I've been thinking a lot recently about the 'shortcuts' that real life requires (or demands) you take. "Real life" in this usage means my everyday reality where I have a job and not the reality where I am a world famous food blogger read by millions (dozens even) of people hanging on my every word culinary bon mot.
Is it our human nature to look for shortcuts wherever we can find them? Is the desire for shortcuts some sort of evolutionary imperative that has allowed us to thrive as a species?
If so it isn't a universal desire. Just as some pick up the fork with the left hand, I know of some people who will do anything to avoid them . They feel others will look on them as 'lazy', or feel they will 'lose out on the experience of accomplishment'. Blah blah blah! Others think it is just a demonstration of intelligence to discover short cuts.
I seem to simmer in the middle on this non controversy.
A short cut pragmatist. That's me. Sometimes they are a valuable coping mechanism and sometimes they just deprive me of opportunity and experience. But when to take?
Aimlessly wandering tonight through the supermarket I came face-to-face with that damned roasted chicken display. Holy culinary dilemma Batman! These salty birds are cheap, tasty, and they do get the job done but I used to take them home way too often. Nowadays I know that they can't hold a candle to the home roasted variety but I still buy one in a pinch. (It is just a little bit better than scrambling up some eggs or a basque potato tortilla
To mitigate my guilt I now try to think of this ready-roasted chicken as more as an 'ingredient' than as the main course itself. Think Roasted Chicken Caesar Salad and Roasted Chicken Tacos, etc. You get the idea.
This lasagna however takes the roasted chicken as ingredient to an different level free from guilt. These store-bought roasted chickens with their spices brined in actually work well here . You can go ahead and roast your own chicken for this dish but frankly, it won’t be as good. And calling for a package of pre-sliced mushrooms and no-cook lasagna noodles this recipe is a shortcut takers nirvana.
The recipe inpsiration comes compliments of my Wicked Stepmother. I took a picture of her magazine clipping with my phone but now I can't properly attribute beyond her recipe file.
She served it to me a few months ago and when I asked her if she had made any changes to the recipe as printed she coyly revealed that indeed she had. She "doubled the cheese, the chicken, the noodles, the mushrooms, and the wine and put it in a larger dish." Got that?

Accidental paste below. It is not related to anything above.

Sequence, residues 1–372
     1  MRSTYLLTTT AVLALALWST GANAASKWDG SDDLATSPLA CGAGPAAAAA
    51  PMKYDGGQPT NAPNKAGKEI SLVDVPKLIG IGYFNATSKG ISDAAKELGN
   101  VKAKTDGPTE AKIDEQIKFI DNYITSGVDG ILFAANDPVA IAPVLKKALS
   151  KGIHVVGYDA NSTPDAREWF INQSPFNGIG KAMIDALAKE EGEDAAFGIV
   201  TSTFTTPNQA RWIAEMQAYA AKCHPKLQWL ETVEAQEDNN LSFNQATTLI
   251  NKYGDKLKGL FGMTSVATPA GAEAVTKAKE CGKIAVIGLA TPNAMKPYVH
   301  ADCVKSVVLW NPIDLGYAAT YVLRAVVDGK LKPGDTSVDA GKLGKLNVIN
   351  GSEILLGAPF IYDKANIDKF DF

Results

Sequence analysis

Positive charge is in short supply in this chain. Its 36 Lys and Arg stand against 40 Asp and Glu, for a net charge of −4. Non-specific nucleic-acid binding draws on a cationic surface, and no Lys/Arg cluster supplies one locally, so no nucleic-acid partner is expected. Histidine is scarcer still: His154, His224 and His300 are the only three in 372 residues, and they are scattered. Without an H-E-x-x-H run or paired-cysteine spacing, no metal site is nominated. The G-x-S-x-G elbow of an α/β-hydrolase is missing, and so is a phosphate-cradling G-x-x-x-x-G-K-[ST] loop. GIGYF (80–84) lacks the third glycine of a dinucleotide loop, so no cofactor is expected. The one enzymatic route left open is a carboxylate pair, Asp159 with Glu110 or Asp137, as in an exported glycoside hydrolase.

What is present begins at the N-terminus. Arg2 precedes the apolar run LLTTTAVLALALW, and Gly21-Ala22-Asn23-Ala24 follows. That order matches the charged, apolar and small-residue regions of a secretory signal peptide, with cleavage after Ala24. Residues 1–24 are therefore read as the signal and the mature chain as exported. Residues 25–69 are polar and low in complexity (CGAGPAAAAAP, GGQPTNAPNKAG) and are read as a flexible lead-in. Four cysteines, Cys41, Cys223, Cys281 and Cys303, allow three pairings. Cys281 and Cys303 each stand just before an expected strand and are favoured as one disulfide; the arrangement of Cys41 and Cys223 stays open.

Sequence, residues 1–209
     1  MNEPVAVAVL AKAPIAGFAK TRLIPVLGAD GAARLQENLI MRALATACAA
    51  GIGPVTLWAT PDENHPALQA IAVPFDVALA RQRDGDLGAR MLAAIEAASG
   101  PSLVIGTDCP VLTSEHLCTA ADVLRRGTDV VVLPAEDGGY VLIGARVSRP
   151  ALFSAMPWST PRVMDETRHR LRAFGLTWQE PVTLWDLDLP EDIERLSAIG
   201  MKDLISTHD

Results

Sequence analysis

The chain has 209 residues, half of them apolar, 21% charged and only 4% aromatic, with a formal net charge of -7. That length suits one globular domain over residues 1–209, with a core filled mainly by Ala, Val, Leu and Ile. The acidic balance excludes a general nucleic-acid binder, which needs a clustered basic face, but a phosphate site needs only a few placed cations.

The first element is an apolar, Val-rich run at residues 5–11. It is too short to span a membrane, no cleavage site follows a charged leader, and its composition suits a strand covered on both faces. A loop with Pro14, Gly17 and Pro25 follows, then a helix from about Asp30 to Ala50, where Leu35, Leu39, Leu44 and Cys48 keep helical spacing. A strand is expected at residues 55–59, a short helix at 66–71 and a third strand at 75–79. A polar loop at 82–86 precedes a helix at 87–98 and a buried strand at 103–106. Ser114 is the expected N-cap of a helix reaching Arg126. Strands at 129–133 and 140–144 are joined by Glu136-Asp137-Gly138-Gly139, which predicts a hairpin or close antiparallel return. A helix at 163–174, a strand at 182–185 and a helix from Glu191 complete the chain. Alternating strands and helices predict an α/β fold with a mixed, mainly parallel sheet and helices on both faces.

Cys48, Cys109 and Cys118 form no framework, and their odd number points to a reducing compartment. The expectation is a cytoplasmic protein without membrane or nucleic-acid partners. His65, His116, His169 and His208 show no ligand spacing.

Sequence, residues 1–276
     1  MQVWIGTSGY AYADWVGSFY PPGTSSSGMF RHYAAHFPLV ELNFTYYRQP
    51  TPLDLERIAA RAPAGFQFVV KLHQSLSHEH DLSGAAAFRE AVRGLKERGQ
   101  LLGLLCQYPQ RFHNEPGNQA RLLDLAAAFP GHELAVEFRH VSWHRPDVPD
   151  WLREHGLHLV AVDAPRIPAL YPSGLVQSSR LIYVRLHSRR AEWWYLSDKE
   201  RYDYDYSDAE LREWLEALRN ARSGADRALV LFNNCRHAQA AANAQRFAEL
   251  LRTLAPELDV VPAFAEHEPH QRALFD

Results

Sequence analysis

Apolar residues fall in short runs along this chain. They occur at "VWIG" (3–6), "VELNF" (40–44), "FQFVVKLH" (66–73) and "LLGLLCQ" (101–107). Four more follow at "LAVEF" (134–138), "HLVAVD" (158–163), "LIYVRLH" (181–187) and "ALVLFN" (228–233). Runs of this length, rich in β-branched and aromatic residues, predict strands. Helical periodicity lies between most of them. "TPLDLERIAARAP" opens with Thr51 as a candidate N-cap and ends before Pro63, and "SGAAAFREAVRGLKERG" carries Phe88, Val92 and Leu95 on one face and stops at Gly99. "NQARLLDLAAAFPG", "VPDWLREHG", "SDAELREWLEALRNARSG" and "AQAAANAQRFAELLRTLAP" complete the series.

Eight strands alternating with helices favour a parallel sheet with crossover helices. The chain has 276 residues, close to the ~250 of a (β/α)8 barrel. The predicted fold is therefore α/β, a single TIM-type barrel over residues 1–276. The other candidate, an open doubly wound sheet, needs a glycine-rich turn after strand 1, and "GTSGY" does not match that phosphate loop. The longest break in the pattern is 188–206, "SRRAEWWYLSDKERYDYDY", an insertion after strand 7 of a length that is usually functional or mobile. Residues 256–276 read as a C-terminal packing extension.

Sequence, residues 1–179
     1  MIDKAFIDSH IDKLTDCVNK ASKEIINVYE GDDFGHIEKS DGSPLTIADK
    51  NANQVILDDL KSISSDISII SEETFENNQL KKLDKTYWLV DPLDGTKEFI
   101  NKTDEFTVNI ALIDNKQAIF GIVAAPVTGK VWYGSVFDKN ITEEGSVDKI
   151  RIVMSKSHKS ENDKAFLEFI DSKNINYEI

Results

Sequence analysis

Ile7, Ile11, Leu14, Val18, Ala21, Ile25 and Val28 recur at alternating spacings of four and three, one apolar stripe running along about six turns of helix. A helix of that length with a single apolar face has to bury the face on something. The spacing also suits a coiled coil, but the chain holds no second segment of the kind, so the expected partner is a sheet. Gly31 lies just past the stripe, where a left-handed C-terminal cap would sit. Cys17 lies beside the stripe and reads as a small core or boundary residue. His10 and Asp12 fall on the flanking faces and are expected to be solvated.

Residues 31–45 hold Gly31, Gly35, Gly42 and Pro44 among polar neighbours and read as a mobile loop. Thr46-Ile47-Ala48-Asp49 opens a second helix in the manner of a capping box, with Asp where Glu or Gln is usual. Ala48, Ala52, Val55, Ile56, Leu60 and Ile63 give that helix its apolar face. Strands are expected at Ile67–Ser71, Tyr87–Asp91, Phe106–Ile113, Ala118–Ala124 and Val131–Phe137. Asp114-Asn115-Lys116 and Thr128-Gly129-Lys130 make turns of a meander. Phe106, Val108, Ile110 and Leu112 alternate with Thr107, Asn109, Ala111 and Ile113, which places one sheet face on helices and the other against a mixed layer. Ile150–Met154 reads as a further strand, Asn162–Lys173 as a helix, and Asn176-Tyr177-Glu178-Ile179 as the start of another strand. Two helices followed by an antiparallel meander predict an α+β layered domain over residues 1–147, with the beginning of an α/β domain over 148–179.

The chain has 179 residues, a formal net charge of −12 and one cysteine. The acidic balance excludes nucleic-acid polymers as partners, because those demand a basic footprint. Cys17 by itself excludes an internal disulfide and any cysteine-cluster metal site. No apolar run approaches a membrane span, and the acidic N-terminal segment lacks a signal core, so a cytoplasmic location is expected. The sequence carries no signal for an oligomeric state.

I on the other hand, used the original proportions and laid out the lasagna into two smaller baking dishes so I could freeze one for later. The ultimate shortcut.
Cheesy Chicken and Mushroom Lasagna
- 1 10 oz package of white mushrooms, thinly sliced
- 3 garlic cloves
- 1 T olive oil
- 5 Tbsp unsalted butter, divided
- 1/2 dry white wine
- 1 or 1/2 roast chicken, depending on size. (You will need at least 2 cups of meat.)
- 3 1/2 cups whole milk
- 1/4 cup all- purpose flour
- 2 tsp fresh thyme leaves
- 3/4 grated parmigiana-reggiano cheese
- 12 no boil egg lasagna noodles
- 1 1/2 cups grated Gruyere cheese
2) Pour yourself a glass of wine and cook mushrooms, garlic, 1/4 teaspoon salt and 1/8 teaspoon pepper in oil and 1 tablespoon butter in a 4 quart heavy saucepan over medium heat, stirring occasionally until mushrooms are softened. Add wine and simmer briskly for 2 minutes. Transfer mixture to a large bowl and mix in the chicken.
3) Bring milk to a simmer in a medium saucepan. Melt remaining 4 tablespoons of butter in another medium saucepan. Add flour and cook roux by whisking constantly for three minutes to cook out floury taste. Add the hot milk in a quick stream while continuing to whisk. Add in thyme, 3/4 teaspoon salt, and 1/2 teaspoon pepper and simmer, whisking until mixture is thickened. (5-6 minutes.) Remove from heat and reserve one cup sauce. Stir in Parmesan to remaining mixture, then stir mixture into mushroom and chicken filling.
4) Check your wine glass. Are you ok? Then, spread half of reserved plain sauce in 8 inch square baking pan. Add 3 lasagna sheets overlapping slightly. Add 1/3 of mushroom filling, spreading evenly across the pan. Then sprinkle 1/4 of Gruyere over the top. Repeat 2 times then spread the plain sauce over the last layer and then finish with the last grated Gruyere.
5) Cover with foil being careful to tent the foil so it does not make contact with the top of the lasagna. Bake for 30 minutes. Have a glass of wine with your spouse. Ask him to set the table if he has not already done so. After 30 minutes, remove foil and bake for another 15 minutes or more until top is golden. Have another glass of wine while you let the lasagna stand 10 minutes before serving. Serve with wine.